Mark Zondlo, an associate professor of civil and environmental engineering and the Andlinger Center for Energy and the Environment, is developing innovative ways to monitor air pollution.
“There are commercialized technologies available that can measure various gases in the atmosphere,” Zondlo explained. “But they tend to be bulky, expensive and are quite difficult to deploy in relevant field environments. They also consume a lot of power, so we want to make systems that are much smaller, but maintain robustness, high accuracy and precision.”
He and his fellow researchers have developed power-efficient and ultra-sensitive optical sensors that rely on the latest laser technology to measure the composition of the atmosphere. These data can then be used to provide more accurate climate predictions.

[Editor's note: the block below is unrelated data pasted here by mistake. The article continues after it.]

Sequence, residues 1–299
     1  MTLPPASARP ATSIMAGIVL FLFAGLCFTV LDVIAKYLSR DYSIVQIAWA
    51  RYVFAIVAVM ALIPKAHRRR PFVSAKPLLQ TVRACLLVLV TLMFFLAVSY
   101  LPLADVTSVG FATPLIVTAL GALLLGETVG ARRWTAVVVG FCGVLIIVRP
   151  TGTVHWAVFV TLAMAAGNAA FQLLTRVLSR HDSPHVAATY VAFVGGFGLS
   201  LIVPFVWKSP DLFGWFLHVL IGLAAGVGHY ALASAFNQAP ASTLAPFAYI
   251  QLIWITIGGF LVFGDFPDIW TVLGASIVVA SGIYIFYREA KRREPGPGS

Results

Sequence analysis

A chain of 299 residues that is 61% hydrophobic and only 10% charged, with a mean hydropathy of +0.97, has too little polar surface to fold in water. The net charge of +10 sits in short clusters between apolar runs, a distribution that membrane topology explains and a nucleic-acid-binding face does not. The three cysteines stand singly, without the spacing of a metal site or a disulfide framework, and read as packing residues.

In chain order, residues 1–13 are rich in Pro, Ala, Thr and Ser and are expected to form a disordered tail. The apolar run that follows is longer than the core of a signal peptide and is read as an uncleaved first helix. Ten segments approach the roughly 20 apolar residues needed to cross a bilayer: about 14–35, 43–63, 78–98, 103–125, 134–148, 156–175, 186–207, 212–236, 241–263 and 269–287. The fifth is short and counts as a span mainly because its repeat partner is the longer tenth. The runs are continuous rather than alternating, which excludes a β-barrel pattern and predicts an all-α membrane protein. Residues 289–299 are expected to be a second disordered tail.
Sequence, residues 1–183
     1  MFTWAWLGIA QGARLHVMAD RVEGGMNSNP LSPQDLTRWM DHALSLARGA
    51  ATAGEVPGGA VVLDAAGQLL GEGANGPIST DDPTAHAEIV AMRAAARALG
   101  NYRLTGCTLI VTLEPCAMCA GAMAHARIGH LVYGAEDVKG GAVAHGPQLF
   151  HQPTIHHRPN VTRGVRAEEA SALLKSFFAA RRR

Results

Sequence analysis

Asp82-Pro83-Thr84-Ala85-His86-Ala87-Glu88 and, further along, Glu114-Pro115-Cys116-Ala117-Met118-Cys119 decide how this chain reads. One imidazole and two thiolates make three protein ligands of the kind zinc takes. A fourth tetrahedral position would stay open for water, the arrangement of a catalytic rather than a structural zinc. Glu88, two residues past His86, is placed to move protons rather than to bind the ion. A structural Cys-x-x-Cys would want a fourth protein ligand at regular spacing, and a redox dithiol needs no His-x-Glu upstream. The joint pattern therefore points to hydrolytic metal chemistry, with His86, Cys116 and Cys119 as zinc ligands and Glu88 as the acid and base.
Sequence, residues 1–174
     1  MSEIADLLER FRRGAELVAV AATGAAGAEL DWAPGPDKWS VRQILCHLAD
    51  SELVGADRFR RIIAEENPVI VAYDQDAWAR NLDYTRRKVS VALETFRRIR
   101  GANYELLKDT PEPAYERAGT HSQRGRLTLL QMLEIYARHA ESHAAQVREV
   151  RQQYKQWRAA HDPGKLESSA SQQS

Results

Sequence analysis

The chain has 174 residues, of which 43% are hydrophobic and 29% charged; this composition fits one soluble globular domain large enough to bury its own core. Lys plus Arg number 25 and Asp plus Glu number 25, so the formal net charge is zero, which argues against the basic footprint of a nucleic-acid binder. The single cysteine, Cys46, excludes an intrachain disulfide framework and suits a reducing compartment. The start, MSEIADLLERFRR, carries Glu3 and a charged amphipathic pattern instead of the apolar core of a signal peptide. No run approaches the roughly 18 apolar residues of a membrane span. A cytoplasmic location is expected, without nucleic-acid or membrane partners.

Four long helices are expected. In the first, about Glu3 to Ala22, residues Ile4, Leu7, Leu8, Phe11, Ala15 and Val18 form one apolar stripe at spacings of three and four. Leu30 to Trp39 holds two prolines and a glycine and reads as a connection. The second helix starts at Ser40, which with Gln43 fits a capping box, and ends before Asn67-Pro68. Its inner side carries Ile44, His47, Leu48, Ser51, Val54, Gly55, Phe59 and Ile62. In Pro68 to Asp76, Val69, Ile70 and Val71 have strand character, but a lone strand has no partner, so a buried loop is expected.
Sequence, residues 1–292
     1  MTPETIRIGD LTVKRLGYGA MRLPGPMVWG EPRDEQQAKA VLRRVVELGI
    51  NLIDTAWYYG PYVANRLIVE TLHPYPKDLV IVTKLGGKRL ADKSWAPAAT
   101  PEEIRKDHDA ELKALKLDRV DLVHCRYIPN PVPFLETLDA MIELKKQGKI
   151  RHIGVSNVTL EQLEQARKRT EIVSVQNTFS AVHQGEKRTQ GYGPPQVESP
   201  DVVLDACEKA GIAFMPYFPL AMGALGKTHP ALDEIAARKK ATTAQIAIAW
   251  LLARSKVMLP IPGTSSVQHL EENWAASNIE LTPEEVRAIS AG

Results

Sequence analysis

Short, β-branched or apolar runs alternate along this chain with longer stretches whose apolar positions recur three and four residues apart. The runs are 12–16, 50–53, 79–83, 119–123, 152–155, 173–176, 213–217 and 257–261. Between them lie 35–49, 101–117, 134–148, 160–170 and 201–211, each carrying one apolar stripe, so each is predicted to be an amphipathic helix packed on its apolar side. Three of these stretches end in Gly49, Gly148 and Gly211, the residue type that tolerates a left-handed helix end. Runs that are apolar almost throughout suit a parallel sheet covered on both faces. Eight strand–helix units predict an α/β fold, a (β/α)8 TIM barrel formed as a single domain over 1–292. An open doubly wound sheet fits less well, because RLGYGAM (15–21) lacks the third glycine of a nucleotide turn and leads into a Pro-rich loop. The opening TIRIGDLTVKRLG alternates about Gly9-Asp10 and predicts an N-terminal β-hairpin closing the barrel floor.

One of these sensors can be mounted atop a car, which allows researchers to measure pollution levels with unprecedented resolution, Zondlo said.
“We are not going to solve [pollution] problems unless we understand and reduce the emissions to the atmosphere,” Zondlo said. “By understanding their spatial and temporal variabilities, we can identify methods to take care of our environment, efficiently utilize energy and improve our food and energy production to minimize the impacts on our climate.”